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4.30.2007

The creative juices are brewing once more

Yes I have a more hectic schedule and yes my software wasn't working, erasing a few blogs but I think I want to write some more, because it's good for me. This evening we worked a few rounds of pads:
  1. Focus mitt combinations
    • Jab-cross-lead body hook-rear upper cut-cross-lead head hook (Body 3-Upper cut 3)
    • Jab-cross-*pause*-jab-overhand-upper cut-cross (2 into 4 angles).

  2. Thai pad rounds: Leg evasion skills building
    Specifically using any of the four count kicking combinations and then reacting to the kick to the lead leg with a leg evasion followed by "Thai" reaction (cross-lead hook-rear kick). The holder could then vary the flow by doing nothing, forcing the leg evasion with cross-hook-cross (3) reaction, or holding for the opposite kick. This emulates the disposition of a flurry, do you reset your range, ready yourself for counter attack, or continue to hunt an injured opponent.

  3. Thai pad rounds: Tiip combinations review
    • Tiip-2-lead kick
    • Tiip kicking combination #1 (Tiip-cross-lead hook-rear kick)
    • Tiip kicking combination #3 (Tiip-cross-lead hook-lead kick)
    • Tiip-rear kick
    • Tiip-lead kick

  4. Defensive flow
    Both sides are wearing boxing glove, the feeder throws a tiip which the fighter deflects with the lead hand and follows with 3, then high covers the cross followed by three, then low side covers the body hook followed by three, then catches the kick (either right or left side) and either strikes off this or dumps the feeder. They then reset.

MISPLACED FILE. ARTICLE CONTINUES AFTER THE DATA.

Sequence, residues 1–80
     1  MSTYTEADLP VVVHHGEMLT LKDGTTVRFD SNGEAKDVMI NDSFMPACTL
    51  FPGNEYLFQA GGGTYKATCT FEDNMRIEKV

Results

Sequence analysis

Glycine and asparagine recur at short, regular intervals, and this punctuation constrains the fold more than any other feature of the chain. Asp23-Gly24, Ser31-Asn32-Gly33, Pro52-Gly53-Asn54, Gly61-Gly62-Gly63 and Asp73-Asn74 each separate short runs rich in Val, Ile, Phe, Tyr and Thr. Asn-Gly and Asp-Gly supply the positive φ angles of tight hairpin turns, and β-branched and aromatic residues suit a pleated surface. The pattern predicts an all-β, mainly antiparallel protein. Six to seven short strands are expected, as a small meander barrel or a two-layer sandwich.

.Next we worked on the chutes and ladders concept, using pressure at one level to set-up an easier takedown at another. We worked four examples of this:
  1. The upper body combat chiropractor to the double leg, if you can don't even free your grip, just loosen and drop.
  2. The hip toss (ogoshi) to the double leg, attempt the hip toss, as your opponent hops/pivots around your hip shoot your double. Alternatively use the uchi-mata (a hip toss but with a reap to the medial part of the thigh opposite the reaping leg) if they again do not fall, do a low line shot to the base leg.
  3. Soto-makikomi to re-soto-makikomi, in this throw you initially overhook the arm and then turn 270° pulling your opponent over your back. Sometimes they don't fall, at this point, cut your far shoulder to the floor and repeat the throw over a smaller turning radius or reap upwards with the near leg.
  4. Arm pull single to clothes line, in this use two hand to pull your opponent's hand to his foot and shoot for the low single, if they fall great, but if not they will most likely pop up and try to get this leg out of the way, i.e. run backwards, you can then go for this throw and then chase them, shooting one hand for the cloths line and the other in the opposite direction at their hip pushing up.
Lastly we worked two grappling drills one using the kimura from side mount followed by climbing to knee on stomach and jumping to the otherside. This repetitively drills alternating sides with a dynamic transition. We then worked a new flow, specifically arm bar from guard, your opponent pulls out leaving the reverse (scoop) arm bar on the other arm, if they bend the arm, attack with kimura after returning to the guard or triangle position. If they fight out spin to the opposite side arm bar, allowing the drill to repeat.